|The turmoil in oil-producing nations is triggering turmoil at home, as rising oil prices force Americans to pay more at the pump. Meanwhile, there’s a growing industry that’s promising jobs and access to cheaper energy resources on American soil, but it’s not without its controversy. Deborah Kittner, a University of Cincinnati doctoral student in geography, presents, – Provided by Deborah Kittner|
The turmoil in oil-producing nations is triggering turmoil at home, as rising oil prices force Americans to pay more at the pump. Meanwhile, there’s a growing industry that’s promising jobs and access to cheaper energy resources on American soil, but it’s not without its controversy. Deborah Kittner, a University of Cincinnati doctoral student in geography, presents, “What’s the Fracking Problem? Extraction Industry’s Neglect of the Locals in the Pennsylvania Marcellus Region,” at the annual meeting of the Association of American Geographers. Kittner will be presenting April 14 at the meeting in Seattle.
Fracking involves using millions of gallons of water, sand and a chemical cocktail to break up organic-rich shale to release natural gas resources. Kittner’s research examined the industry in Pennsylvania, known as the “sweet spot” for this resource, because of the abundance of natural gas. Pittsburgh has now outlawed fracking in its city limits as has Buffalo, N.Y., amid concerns that chemical leaks could contaminate groundwater, wells and other water resources.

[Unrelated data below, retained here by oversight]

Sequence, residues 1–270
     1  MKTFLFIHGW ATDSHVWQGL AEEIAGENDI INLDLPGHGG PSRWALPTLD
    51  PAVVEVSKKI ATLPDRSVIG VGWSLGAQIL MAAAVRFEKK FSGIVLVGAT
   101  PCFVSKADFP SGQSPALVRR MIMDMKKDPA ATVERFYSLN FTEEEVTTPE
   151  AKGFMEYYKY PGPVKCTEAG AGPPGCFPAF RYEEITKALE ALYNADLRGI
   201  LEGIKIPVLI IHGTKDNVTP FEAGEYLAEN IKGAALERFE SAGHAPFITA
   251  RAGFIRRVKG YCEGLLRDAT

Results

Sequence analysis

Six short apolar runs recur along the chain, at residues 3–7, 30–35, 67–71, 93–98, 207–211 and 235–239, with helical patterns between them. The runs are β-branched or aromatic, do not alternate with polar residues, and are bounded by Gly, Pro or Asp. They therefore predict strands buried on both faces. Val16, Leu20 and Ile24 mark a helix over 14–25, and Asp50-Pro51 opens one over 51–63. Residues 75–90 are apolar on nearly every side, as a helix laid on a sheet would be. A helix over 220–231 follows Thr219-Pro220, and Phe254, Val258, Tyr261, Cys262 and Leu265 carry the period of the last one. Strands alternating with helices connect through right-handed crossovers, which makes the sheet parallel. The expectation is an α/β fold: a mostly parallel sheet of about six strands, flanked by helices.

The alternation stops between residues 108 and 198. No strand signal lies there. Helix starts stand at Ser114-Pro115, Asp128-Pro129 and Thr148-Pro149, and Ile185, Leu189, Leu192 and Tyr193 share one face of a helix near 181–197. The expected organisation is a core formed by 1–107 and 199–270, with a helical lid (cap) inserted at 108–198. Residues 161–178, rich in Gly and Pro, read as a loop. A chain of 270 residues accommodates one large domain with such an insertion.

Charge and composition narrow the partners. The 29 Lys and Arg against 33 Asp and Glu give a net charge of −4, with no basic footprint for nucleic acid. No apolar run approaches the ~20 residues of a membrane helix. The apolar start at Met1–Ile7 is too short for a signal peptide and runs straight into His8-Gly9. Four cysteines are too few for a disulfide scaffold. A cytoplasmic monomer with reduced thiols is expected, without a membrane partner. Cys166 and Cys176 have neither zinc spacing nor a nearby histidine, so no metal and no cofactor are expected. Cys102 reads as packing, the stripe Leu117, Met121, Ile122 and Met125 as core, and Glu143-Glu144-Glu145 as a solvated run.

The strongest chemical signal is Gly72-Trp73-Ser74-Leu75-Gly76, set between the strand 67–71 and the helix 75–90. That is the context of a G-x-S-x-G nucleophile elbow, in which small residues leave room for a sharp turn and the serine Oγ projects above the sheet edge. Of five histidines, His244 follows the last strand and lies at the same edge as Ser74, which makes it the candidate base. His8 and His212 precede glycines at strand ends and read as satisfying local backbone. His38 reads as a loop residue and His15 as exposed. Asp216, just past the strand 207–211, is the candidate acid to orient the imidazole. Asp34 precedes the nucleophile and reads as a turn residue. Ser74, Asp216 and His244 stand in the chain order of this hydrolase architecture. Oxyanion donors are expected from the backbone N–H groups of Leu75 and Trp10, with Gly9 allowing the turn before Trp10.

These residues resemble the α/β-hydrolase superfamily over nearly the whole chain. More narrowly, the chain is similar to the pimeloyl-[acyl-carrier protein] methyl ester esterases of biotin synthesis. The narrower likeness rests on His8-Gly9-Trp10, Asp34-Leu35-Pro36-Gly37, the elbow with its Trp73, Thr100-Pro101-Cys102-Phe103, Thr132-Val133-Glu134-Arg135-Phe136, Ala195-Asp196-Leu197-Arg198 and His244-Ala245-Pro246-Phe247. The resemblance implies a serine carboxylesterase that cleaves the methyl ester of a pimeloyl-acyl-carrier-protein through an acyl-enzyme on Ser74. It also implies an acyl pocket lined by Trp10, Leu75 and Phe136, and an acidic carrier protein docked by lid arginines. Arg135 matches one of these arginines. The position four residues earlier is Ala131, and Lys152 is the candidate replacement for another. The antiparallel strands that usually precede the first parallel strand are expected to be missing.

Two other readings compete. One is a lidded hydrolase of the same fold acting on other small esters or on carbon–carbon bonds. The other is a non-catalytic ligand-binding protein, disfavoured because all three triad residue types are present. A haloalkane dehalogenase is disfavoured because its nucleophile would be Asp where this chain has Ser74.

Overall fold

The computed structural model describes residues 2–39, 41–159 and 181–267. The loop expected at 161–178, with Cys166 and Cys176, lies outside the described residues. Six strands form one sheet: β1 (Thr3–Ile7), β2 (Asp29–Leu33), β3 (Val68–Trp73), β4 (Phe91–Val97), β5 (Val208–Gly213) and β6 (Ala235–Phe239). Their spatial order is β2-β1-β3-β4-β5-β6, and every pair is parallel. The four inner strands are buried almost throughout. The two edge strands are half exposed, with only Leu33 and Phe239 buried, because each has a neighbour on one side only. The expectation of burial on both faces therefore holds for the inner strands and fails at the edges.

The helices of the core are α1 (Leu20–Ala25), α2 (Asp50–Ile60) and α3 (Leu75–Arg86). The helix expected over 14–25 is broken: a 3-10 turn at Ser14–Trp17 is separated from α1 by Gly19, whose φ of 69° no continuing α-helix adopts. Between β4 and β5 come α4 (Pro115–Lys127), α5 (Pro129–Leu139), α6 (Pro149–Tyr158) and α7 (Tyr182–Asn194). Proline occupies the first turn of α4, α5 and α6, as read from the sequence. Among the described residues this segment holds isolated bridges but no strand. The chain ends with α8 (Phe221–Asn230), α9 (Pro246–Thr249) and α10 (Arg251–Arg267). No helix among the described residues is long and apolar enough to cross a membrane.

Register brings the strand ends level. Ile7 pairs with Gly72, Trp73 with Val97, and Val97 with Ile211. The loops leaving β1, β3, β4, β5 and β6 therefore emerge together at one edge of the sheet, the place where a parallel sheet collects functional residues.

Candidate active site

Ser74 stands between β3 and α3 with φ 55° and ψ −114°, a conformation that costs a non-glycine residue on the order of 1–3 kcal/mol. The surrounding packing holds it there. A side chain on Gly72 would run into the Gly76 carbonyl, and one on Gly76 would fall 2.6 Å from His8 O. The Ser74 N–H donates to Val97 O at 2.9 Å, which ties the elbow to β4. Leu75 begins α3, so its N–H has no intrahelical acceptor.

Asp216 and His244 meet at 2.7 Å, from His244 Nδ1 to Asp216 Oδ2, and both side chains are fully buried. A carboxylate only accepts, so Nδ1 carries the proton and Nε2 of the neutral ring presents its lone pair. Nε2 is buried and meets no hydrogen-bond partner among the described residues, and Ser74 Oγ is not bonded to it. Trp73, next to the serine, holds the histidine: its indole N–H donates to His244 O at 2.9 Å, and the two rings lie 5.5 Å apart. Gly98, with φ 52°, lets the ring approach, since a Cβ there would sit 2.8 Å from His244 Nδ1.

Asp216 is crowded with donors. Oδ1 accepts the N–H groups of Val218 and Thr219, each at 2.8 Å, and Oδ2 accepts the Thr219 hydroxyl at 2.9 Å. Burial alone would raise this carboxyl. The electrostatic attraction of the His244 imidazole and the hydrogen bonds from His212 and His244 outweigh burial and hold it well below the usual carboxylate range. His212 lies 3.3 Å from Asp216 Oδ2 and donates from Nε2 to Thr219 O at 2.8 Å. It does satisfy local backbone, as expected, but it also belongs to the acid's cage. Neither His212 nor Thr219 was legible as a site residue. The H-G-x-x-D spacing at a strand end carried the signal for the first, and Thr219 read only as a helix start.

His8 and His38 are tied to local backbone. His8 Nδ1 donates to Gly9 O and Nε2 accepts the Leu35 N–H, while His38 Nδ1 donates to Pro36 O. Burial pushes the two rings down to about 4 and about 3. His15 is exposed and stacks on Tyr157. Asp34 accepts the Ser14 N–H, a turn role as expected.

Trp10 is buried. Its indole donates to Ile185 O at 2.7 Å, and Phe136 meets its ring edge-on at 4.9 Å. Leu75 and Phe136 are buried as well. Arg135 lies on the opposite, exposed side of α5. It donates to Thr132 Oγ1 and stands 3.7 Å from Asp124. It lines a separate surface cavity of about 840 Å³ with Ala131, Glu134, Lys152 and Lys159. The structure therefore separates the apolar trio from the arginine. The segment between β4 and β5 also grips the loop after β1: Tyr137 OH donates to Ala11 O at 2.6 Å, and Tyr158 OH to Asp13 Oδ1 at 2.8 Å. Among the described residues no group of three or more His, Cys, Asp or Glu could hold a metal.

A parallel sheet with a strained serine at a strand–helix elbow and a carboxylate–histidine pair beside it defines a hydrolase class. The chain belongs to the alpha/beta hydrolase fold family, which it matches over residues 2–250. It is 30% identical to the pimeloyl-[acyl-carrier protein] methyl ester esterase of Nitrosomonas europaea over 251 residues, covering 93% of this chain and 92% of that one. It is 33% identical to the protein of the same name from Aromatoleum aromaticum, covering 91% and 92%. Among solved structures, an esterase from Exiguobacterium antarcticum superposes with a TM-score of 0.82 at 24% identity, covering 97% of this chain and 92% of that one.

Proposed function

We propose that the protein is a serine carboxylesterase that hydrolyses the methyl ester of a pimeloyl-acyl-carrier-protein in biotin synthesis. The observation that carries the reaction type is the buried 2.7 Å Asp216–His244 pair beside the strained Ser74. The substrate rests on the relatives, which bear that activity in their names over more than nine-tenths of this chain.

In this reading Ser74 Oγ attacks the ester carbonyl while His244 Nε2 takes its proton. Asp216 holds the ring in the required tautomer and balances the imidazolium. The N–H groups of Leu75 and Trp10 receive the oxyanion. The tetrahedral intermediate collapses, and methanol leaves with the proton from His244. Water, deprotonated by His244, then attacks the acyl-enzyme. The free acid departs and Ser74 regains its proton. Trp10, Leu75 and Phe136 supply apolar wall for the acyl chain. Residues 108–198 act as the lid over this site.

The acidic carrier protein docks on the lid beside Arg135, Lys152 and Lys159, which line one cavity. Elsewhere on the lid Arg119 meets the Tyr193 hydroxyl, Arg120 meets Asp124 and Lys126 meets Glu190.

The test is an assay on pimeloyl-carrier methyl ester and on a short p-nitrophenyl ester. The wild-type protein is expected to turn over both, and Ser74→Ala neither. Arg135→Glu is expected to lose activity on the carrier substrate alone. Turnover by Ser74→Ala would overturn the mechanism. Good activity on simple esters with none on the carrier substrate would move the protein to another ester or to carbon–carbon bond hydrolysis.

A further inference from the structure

The EPA is now doing additional study on the relationship of hydraulic fracturing and drinking water and groundwater after congress stated its concern about the potential adverse impact that the process may have on water quality and public health. Kittner attended an EPA hearing and also interviewed people in the hydraulic fracturing industry. She says billions of dollars from domestic as well as international sources have been invested in the industry.
The chemical cocktail used in the process is actually relatively small. The mixture is about 95-percent water, nearly five percent sand, and the rest chemical, yet, Kittner says some of those chemicals are known toxins and carcinogens, hence, the “not in my backyard” backlash from communities that can be prospects for drilling. The flow-back water from drilling is naturally a very salty brine, prone to bacterial growth, and potentially contaminated with heavy metals, Kittner says. In addition, there’s the question of how to properly dispose of millions of gallons of contaminated water, as well as concerns about trucking it on winding, rural back roads.
Based on her research, Kittner says that overall, the industry is “working to be environmentally responsible, and it becomes frustrated at companies that do otherwise.”
“I think that the study that the EPA is doing is going to be really helpful, and the industry – however reluctant to new regulations – is working with the EPA on this,” Kittner says.